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2021 Dakar Rally Dates, Route And New Rules Announced

The 2021 Dakar Rally returns to Saudi Arabia with new safety and roadbook rules, revised route, and an all-new Dakar Classic category for vintage rally vehicles.

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The 2021 Dakar Rally will be held between January 3 to 15 in Saudi Arabia

Highlights

  • The Dakar Rally has limited the use of tyres for cars and bikes
  • The roadbook is now digital and will be handed 10 minutes before start
  • Airbags have been made compulsory for bike and quad riders

The Dakar Rally returns in 2021 and the organisers have now announced the dates, route and the new list of rules for the challenging motorsport event. The Dakar Rally heads back to Saudi Arabia for the second year in a row and will continue to be held within the country, as opposed to plans of expanding it to other Middle Eastern countries including Jordan, Egypt and the UAE. The 43rd edition will be held between January 3 to 15, 2021, and registrations for the Dakar will begin on June 15, 2020. Here's everything that's new for next year's Dakar Rally

Also Read: TVS' Adrien Metge Finishes 12th As Honda's Ricky Brabec Takes Dakar 2020 Title

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The 2021 Dakar Rally will start and finish in Jeddah crossing through the desert and the Red Sea

Route

The 2021 Dakar Rally will take place in a loop course beginning and ending in Jeddah. Most of the towns and cities from this year will return on the route to host the bivouac. The 12-day rally will venture through the desert and the Red Sea, while the specials will see new routes altogether.

Improved Safety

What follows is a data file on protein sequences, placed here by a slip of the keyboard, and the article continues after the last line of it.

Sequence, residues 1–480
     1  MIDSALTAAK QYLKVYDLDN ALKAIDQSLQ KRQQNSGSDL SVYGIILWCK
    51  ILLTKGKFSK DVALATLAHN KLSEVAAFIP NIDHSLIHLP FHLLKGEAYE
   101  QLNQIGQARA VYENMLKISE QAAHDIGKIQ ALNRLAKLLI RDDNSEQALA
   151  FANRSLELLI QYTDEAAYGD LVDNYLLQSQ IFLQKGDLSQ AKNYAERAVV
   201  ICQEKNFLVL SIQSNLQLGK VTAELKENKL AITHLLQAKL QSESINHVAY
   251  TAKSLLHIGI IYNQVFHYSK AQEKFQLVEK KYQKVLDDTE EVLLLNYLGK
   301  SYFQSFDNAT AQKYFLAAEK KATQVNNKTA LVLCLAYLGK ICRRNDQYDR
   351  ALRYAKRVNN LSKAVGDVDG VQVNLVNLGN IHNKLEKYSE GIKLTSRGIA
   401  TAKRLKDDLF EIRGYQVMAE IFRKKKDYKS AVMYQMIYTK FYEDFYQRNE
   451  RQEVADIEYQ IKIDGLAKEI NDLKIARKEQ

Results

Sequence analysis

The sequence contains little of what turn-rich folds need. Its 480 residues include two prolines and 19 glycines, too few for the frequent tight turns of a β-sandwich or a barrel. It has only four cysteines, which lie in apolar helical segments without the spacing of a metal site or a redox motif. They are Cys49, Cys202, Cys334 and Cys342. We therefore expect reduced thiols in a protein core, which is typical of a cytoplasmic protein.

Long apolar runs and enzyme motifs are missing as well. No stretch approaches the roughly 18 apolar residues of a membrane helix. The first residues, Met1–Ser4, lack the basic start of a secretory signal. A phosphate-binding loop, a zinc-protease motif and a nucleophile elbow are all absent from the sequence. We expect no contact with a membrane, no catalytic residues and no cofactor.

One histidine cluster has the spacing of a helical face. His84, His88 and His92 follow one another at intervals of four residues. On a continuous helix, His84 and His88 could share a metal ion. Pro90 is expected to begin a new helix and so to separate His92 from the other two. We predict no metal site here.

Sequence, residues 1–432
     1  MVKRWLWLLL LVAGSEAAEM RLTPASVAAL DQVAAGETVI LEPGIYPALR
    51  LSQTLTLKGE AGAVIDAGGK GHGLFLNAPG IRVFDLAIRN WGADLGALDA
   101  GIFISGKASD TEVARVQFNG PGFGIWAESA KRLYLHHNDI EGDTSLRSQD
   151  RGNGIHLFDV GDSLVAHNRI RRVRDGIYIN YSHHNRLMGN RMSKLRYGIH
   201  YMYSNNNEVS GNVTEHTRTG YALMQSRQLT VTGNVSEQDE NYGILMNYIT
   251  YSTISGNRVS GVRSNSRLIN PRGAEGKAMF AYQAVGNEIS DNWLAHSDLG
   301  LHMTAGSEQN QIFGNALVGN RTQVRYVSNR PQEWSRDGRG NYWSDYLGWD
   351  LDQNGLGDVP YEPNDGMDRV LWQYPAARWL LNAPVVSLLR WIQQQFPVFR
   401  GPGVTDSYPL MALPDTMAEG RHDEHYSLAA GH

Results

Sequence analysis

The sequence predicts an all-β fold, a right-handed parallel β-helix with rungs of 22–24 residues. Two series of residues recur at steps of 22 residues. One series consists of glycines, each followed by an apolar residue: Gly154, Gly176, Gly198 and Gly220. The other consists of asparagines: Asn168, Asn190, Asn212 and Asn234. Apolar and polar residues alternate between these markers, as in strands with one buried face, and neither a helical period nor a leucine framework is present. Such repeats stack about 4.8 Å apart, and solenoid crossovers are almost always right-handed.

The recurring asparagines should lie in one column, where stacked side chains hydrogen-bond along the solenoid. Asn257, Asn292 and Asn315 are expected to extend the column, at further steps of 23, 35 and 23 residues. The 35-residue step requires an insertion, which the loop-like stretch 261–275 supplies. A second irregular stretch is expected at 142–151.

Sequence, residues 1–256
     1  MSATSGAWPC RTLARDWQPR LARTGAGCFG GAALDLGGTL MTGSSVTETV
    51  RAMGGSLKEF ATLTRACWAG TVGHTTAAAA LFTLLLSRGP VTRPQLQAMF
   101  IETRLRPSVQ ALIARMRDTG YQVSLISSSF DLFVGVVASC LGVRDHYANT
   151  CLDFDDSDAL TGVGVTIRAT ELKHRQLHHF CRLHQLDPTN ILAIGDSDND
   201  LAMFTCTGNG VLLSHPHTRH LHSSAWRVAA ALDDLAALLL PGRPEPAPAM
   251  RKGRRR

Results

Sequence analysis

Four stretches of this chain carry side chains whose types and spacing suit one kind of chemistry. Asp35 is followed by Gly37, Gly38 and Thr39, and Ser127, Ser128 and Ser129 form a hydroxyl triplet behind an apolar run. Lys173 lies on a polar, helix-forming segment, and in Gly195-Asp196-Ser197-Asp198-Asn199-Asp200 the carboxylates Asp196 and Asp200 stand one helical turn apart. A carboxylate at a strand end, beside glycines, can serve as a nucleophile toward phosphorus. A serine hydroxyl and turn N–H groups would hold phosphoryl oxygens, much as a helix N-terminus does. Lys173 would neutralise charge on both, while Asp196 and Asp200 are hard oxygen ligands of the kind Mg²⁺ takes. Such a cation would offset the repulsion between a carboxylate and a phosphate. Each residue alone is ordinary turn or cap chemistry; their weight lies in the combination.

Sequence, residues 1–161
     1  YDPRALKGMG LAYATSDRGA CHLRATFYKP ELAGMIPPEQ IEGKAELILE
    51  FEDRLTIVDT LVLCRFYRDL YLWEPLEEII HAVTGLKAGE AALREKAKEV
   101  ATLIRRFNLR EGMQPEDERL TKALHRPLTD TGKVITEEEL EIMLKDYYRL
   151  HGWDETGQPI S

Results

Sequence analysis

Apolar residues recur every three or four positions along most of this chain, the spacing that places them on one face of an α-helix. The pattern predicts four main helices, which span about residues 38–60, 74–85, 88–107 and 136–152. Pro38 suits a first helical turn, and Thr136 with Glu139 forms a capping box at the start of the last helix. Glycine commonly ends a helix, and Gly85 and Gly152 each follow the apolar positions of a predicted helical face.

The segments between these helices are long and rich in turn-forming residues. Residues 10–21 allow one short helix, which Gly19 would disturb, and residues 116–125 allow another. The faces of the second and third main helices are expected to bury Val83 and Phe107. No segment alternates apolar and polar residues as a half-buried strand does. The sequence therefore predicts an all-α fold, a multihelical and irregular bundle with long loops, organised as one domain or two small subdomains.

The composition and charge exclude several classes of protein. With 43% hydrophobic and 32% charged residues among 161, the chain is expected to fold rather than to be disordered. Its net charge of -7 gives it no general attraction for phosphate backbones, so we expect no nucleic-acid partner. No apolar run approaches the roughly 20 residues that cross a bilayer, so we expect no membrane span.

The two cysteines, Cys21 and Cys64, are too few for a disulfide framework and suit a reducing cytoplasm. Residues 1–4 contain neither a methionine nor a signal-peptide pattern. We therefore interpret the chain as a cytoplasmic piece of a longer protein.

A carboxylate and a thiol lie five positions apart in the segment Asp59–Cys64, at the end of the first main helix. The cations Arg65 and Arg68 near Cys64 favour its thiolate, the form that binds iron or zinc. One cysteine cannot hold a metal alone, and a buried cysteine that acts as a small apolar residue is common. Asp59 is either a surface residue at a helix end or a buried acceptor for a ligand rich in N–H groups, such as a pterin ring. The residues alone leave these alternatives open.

The 2020 Dakar witnessed the death of two riders - Hero MotoSports' Paulo Goncalves who passed away during Stage 7 this year, while Edwin Straver lost his life after an incident a few days later. Safety has been taken far more seriously for the next season and the organisers have announced several initiatives to ensure participant safety. Taking a leaf from MotoGP, the Dakar Rally will now see airbag vests being made mandatory for all bike and quad riders. Furthermore, the road books will now give competitors aural warnings about 100-200 metres before they approach the Level 2 and 3 difficulty zones. The hazardous sectors have been categorised as 'slow zones' with the speed limit restricted at 90 kmph.

Also Read: Dakar 2020: Hero MotoSports' Rider Paulo Goncalves Dies After Fall In Stage 7

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Hero MotoSports rider Paulo Goncalves passed away during Stage 7 of the 2020 Dakar due to a fall

New Road Book Rules

The roadbook rules will see several changes next year with the big change being that the book will be handed over just 10 minutes before the start of the stage. The idea here is to level the playing field for all competitors, irrespective of their rallying experience. The 2020 Dakar Rally saw the organisers try this out and it is now being made a standard rule from 2021. In addition to this, the roadbook now goes digital in a big change over the current paper one and will not only be easier to read but more reliable as well.

Penalties and Tyre Management

The 2021 Dakar will invite time penalties that will be applied starting from the second piston change even if the engine remains the same. The riders will not be allowed anymore to work on their bikes at refuelling stations. With respect to tyres, competitors will have to be more careful as no tyres changes will be allowed in the car category during the marathon stage. Furthermore, each motorcycle will be granted a total of six rear tyres for the entire duration of the rally.

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The 2021 Dakar Rally limits tyres for cars and bikes, while there will be time penalties imposed starting from the second piston change

New Dakar Classic Category

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Finally, the 2021 Dakar Rally will see the addition of a new Dakar Classic category. This is a new category developed for vehicles that participated in Dakar and other major rally-raids before 2000. The Dakar Classic will run in parallel to the main rally and aims to pay a tribute to the event's origins. It will certainly be a sight for all the fans to see some of the iconic machines back in action.

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